This series highlights how Snowflake excels across different data workloads through a new cloud data platform that organizations can trust and rely on as they move into the future.
When talking about the “doing” part of data engineering, folks usually want to say something about ETL like, “How are your ETLs running today?” This is a horrible term and even worse in plural form. The new hotness is to flip the “T” and the “L” to get ELT, which is unfortunately not a delicious sandwich but fortunately is a delicious pattern of data movement. However, I think the more generic, less confusing term for my hunger pains is what’s called a data pipeline. Because if data is the new oil, it should move through a pipeline!
Unlike oil pipelines, however, Snowflake data pipelines are easy to build and maintain. No leaks here! Snowflake offers this process out of the box; no need to call in that roughneck developer to drill a hole in your applications and yank out that sweet, sweet byte gold.
Let’s take a look at each piece of the integrated data engineering experience Snowflake offers.
First things first—you have to get your data into Snowflake. Typically, that’s done with a COPY INTO command. With your files already available in cloud object storage, you just tell Snowflake, “Hey Snowflake, copy those files into this table.” It’s not quite that simple but pretty close. The one problem here is you have to tell Snowflake to do it. Sort of like my wife telling me to take out the garbage.
This is where Snowpipe can help. Snowpipe is a service that does automated loading of data into Snowflake from cloud storage systems. All you have to do is create the template in the form of a COPY INTO command, which does the work.
The interesting part is how Snowflake leverages event notifications from cloud object storage to tell Snowpipe what to load. For example, an event notification message can be sent to AWS’ Simple Queue Service (SQS) from AWS’ Simple Storage Service (S3) when a new file shows up. Snowpipe is set up to watch for these notifications and takes action when it sees there’s a new notification on the message queue. Of course, this isn’t just for AWS. You can leverage similar services available in both Google Cloud Platform and Microsoft Azure.
Next, we’ll want to capture those changes in the table data and do something with them.
Streams are how Snowflake does change data capture. A stream keeps track of what data has changed—been inserted, updated or deleted—in a table. Streams function like any other table object in Snowflake. For example, you can query the stream just like you query a table. The interesting thing here is that a stream contains not only the data in the table but also some metadata columns about the records in that table.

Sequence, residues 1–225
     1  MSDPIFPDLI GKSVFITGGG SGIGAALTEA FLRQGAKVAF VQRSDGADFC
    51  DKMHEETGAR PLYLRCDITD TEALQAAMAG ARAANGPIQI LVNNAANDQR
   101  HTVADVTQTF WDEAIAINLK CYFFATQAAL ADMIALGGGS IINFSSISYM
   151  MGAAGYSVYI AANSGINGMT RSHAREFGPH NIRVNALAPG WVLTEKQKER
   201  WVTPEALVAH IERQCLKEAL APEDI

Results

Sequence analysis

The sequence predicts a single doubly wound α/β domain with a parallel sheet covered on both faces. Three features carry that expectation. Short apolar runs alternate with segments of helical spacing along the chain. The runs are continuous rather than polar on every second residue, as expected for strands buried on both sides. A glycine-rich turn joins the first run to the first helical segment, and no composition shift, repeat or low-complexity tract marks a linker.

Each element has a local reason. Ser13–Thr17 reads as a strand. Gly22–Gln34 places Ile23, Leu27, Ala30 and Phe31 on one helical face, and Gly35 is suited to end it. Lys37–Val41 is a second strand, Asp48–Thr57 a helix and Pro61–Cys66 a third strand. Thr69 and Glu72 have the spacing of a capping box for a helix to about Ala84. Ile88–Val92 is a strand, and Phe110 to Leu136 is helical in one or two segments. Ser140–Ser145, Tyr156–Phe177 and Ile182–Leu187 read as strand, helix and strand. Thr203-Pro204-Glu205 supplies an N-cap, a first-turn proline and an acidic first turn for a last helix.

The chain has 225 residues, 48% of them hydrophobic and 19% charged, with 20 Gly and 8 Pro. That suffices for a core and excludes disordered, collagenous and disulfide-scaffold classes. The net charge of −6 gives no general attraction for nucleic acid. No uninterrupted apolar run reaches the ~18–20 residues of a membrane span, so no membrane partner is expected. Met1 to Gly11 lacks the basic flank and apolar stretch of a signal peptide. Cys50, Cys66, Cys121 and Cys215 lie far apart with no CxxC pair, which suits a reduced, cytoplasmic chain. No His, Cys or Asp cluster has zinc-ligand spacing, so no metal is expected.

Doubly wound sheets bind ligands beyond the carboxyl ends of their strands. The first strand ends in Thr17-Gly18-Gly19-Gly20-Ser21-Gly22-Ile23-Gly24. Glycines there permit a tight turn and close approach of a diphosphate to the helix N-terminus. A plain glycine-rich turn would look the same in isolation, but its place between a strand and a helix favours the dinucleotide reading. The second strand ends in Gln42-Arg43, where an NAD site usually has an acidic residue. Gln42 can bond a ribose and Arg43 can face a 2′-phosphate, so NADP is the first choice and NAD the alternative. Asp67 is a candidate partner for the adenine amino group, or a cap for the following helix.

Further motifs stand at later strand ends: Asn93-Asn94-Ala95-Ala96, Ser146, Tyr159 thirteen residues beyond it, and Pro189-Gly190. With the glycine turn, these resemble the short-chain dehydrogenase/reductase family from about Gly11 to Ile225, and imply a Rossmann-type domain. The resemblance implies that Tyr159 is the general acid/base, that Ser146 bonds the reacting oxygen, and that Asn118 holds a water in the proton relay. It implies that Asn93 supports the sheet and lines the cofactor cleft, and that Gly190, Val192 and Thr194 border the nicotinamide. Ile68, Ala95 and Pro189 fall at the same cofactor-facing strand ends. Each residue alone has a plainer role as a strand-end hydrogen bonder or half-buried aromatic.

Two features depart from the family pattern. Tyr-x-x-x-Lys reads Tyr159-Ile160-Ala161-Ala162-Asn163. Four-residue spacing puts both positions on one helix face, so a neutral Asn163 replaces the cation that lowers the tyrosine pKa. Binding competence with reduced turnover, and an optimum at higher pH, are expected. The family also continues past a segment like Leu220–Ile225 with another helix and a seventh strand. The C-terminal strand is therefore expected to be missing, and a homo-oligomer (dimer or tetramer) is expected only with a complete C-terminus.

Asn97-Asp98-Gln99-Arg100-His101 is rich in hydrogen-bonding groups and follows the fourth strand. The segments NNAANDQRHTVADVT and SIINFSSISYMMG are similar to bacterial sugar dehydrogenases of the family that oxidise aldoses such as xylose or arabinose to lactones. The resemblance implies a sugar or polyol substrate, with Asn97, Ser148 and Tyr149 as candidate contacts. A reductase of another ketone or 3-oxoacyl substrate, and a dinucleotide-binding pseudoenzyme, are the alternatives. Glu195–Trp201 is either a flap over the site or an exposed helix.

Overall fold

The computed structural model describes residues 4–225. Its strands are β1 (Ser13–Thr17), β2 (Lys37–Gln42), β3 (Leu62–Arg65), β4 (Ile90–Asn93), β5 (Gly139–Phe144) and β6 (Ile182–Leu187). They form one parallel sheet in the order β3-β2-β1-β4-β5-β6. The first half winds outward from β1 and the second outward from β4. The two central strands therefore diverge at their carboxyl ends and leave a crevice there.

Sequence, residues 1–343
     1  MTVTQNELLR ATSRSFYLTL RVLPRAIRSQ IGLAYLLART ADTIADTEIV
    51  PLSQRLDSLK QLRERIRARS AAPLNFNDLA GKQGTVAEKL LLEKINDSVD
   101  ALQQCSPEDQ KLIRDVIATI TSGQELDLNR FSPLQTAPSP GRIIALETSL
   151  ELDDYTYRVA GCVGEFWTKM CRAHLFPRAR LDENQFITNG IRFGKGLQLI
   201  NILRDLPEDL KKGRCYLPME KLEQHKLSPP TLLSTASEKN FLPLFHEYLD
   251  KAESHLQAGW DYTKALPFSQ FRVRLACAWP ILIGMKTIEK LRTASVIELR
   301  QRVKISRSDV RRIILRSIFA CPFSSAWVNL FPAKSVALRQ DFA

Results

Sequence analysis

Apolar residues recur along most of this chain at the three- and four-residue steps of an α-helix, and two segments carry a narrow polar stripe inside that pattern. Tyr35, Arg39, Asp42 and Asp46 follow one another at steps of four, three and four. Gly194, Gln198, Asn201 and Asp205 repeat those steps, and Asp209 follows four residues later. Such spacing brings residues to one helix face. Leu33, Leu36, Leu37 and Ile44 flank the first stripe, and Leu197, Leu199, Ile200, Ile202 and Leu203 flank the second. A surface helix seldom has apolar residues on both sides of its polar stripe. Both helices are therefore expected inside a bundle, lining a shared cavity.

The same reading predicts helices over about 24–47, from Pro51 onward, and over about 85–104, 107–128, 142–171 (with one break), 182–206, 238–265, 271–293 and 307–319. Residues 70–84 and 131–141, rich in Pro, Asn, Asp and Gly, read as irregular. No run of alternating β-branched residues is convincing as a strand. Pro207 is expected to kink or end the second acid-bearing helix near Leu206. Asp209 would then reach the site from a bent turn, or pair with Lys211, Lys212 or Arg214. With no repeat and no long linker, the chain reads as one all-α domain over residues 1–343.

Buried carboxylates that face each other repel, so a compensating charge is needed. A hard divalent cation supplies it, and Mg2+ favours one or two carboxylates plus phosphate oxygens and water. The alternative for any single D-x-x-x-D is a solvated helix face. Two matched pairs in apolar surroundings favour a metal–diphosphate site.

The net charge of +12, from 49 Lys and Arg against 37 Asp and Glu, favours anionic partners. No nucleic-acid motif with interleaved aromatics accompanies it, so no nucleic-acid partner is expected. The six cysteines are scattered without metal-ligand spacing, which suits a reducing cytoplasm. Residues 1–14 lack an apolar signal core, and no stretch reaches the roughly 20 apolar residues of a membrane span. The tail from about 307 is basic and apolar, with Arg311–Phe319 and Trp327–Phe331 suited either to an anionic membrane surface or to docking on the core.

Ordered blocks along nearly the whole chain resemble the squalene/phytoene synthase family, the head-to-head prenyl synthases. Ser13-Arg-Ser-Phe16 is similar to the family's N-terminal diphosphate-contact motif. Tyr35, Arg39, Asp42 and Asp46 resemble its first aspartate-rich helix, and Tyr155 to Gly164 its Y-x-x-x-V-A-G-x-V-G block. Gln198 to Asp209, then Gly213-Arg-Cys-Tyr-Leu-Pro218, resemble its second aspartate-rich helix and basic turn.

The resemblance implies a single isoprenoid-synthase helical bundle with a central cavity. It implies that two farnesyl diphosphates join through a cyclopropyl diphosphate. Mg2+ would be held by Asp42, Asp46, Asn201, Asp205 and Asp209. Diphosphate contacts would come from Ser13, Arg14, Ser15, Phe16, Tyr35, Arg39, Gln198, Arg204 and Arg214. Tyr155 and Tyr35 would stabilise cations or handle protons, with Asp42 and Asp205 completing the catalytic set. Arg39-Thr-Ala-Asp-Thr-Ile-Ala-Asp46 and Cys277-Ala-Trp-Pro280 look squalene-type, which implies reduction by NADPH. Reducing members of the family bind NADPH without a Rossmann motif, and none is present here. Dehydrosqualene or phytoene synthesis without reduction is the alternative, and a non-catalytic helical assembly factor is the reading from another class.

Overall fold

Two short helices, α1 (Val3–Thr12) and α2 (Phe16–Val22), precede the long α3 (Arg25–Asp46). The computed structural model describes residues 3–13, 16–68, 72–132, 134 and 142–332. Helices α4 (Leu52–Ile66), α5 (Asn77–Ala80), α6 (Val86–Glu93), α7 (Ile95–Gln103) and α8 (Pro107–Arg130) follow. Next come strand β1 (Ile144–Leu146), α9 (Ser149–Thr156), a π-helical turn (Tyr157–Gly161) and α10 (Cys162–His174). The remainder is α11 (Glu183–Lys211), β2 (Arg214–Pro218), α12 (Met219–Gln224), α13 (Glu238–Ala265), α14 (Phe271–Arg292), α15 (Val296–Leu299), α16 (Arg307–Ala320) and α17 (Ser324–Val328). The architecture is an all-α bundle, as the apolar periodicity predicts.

Since we can query the stream like we can query a table, and we have these metadata columns that tell which rows have been changed, we can write a query that asks for only the kind of changes we’re interested in. For example, if we’re only interested in new records, we can write a query to do just that:
SELECT * FROM my_table_stream WHERE metadata$action = 'INSERT';
With the results of the query, we can take only our new data and, for example, insert that data into another table. The problem is we need a way to run that query on some sort of schedule.
Lastly, we’ll see how we can run SQL actions on a schedule.
So we have our stream with the changed data, and we have a query that selects only the new records in our table. With a Snowflake task, we can run that query on a schedule so that as new data is loaded into our initial table, we can capture it and move it.
Tasks are a way to run actions in Snowflake. Typically, this might be a SQL statement or a stored procedure. Tasks provide two options for scheduling: internal-based (in minutes) and cron-based. A cron schedule is your typical scheduling utility you’ll find in most Linux-based systems. A cron schedule would be used if you wanted to run your task at a specific day or time. For example, if you only wanted to insert your new data into a target table every day at 1AM. An interval-based schedule can be used if you don’t have a specific preference and would just like the task to run every certain number of minutes. For example, if you wanted to continuously insert your new data into a target table as new data gets loaded, you might set the interval schedule to be every five minutes.
You might be wondering, “Won’t these tasks eat up a bunch of my Snowflake credits if they are just running constantly?” And the answer is YES! But … what you should do to avoid blowing out your credit budget if you’re using a stream is to set the WHEN argument with the SYSTEM$STREAM_HAS_DATA function. This way, the task only executes the action if the stream contains data. The task doesn’t consume any credits checking the stream for data. This ensures your task can run and run without needlessly consuming credits.
Stay Tuned for More
If you’re following along with this series, rest assured that there’s more to come! Check back on the blog next week for another installment and see another facet of Snowflake’s power as a cloud data platform.